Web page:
Fortunately, analytics in the Cloud has reduced the cost and time so much that nearly everyone can leverage advanced analytics. When setting up Data Management Solutions to support Analytics, a main foundational component is Data Storage (aka Data Lake / Data Warehouse). This allows for the ingestion and processing of large amounts of data quickly, with multiple modeling techniques and more importantly, the ability to send the output to users and systems in real- or at least near-real-time.

A new breed of AI/ML tool is gaining popularity as well that allows companies to quickly try several different modeling techniques to find the optimal model. The Cloud landscape has enabled vendors to create advanced ML/AI tools and capabilities that can be leveraged in Cloud environments. A few select tools and capabilities are:

  • Utilizing commercially available use case-specific API’s, such as speech-to-text, optical character recognition (OCR), etc.
  • Leveraging “analytic-as-a-service” SaaS platforms with the ability to customize & serve pre-built model templates
  • Building custom models by leveraging the work of others and stitching together libraries within R, Python, and Scala for unique use cases
  • Utilizing auto-ML tools, such a Data Robot, to apply numerous models to a data set to determine which is the most viable.

The above is just a few of the new capabilities making it easier for an organization to extract tremendous value from their data assets and greatly reducing TCO and development time.

Moving away from technology and to resources, it is only natural that companies leverage their existing data management and analytics staff. As with any change, human capital will need to be nurtured and adapted. What we are seeing is that these resources typically fall into two categories – 1) those with the ability and attitude to adapt to a Cloud-based data architecture, and 2) those that resist, are not willing to learn, or not able to learn the differences. The difference becomes gaining measurable benefits that Executives care about or watered down results that lead to just simply “getting by”.

Seasoned architects have the benefit of experience, but may be burdened with the attitude of “this has worked before, so it should continue to work” or “I don’t need to learn something new”. The other characteristic of a good architect is whether they have the attitude to adapt. When was the last time they needed to learn a new technology that was completely different? Do they only know one way of solving a problem? Are they uncomfortable (and therefore resistant) to change? When did they last proactively identify new trends and pitch how they might apply to the business? Are they care-takers or change-agents?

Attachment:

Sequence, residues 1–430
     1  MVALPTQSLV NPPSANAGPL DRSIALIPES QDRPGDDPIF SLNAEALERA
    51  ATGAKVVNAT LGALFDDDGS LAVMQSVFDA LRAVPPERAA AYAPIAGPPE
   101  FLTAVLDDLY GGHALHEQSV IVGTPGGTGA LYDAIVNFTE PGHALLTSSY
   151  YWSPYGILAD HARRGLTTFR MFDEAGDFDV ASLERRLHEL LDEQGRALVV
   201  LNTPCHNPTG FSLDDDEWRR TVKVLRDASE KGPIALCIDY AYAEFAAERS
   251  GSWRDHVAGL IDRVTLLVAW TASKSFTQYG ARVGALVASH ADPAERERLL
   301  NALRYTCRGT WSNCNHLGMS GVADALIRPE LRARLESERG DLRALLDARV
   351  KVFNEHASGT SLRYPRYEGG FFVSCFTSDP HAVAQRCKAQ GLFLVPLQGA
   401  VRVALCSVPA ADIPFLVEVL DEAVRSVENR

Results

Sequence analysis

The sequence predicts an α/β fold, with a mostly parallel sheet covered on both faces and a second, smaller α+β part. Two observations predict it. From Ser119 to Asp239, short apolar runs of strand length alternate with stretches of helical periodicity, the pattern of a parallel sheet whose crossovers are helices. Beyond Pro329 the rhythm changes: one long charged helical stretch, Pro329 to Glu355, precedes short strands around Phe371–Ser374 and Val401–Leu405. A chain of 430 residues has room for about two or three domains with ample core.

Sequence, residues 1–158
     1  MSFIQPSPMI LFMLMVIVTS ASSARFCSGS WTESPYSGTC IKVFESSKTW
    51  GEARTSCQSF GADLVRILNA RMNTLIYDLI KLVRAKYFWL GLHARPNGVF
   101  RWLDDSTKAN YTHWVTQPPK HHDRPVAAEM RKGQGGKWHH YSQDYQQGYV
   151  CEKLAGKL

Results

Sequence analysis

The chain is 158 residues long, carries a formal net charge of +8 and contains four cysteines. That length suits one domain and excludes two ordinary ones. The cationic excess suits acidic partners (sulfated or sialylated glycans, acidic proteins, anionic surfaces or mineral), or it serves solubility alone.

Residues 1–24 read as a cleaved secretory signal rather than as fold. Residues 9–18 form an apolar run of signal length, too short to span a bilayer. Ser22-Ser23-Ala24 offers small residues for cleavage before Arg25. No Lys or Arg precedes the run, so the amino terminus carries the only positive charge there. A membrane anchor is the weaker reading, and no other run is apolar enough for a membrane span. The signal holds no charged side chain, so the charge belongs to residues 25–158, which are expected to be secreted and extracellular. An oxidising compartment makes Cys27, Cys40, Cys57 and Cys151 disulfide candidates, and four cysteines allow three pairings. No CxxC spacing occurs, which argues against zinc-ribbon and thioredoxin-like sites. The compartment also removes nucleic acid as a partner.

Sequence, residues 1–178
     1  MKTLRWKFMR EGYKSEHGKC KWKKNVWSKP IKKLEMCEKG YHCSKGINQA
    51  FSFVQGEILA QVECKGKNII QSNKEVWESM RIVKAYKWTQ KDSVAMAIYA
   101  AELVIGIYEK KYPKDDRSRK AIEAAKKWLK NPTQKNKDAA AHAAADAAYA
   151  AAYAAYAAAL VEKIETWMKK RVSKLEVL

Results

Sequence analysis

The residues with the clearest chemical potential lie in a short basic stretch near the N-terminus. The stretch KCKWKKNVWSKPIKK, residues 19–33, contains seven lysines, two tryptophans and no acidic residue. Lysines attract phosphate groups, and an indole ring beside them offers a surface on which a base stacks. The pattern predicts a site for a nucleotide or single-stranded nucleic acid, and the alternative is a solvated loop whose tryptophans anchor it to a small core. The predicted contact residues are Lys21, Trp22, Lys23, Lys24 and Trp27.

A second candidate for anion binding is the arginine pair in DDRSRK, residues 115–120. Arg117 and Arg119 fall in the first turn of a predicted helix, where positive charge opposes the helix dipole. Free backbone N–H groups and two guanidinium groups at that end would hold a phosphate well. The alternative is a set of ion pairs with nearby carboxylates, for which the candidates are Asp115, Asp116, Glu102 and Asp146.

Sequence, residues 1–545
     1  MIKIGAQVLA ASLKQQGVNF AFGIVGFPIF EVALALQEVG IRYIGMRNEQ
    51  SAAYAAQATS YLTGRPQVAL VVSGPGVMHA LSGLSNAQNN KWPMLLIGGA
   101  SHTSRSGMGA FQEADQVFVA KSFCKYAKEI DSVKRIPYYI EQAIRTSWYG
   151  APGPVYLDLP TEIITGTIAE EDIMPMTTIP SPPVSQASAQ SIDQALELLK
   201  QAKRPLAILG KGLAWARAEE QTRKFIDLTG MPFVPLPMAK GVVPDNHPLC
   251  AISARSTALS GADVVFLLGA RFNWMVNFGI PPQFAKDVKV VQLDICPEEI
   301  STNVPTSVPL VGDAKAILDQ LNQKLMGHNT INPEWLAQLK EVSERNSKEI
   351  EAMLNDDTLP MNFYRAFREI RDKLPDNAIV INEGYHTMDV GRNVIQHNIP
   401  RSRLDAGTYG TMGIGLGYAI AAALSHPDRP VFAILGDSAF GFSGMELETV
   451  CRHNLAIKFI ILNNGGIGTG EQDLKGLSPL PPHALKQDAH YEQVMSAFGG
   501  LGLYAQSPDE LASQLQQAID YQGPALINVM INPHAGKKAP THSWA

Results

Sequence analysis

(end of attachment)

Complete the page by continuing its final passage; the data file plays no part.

The following will be critical in evaluating, retraining, and refocusing your resources:

From To
Lift and Shift – what’s worked before will be fine in the Cloud Understanding the different design patterns to take the best of the existing data architecture and merge it with the best of a cloud data architecture
Using familiar tools that have been ported to the Cloud Truly evaluating cloud-built tools as a potential replacement
Learning on the fly and reading reviews “Buying” experience by leveraging an expert or hiring someone that “has been there and done that” to accelerate the process and improve the chances of success
Build it and they will come Choosing a single use case, sponsored by the business, to prove out the cloud data architecture
A Data warehouse and BI tool is all we need A comprehensive data & analytics strategy is needed to turn data into a strategic asset that contributes to the top- and bottom-lines. A Data Store is a tool and not how value is delivered.
Users are not ready for this Especially in an age when the workforce is increasingly comprised of employees that only know the Cloud – ask them – they want answers, they want data, they want to institutionalize and share learnings

This is an exciting time for Data & Analytics in the Cloud. The Titans (Amazon, Microsoft, and Google) are in an all-out war to get their share of the pie. Recent projections have this space growing at a 50% compound annual growth rate and the expected returns from these efforts to be game-changing.

As with all shifts, it is prudent to dip a toe in the water and assess the environment before jumping right in. By leveraging the new capabilities in the Cloud around Data & Analytics it is even easier to rapidly iterate and see what works. After the journey has begun, it is important to understand the goals and who in the business will benefit from the outcomes. Having a clear vision and strategy will allow nearly any company to get out of first gear and open up that sports car to extract huge returns from their Data & Analytics projects.

If you don’t have a Data & Analytics Strategy, now is the time to act before your competitors do. Let us know how we can help by clicking here.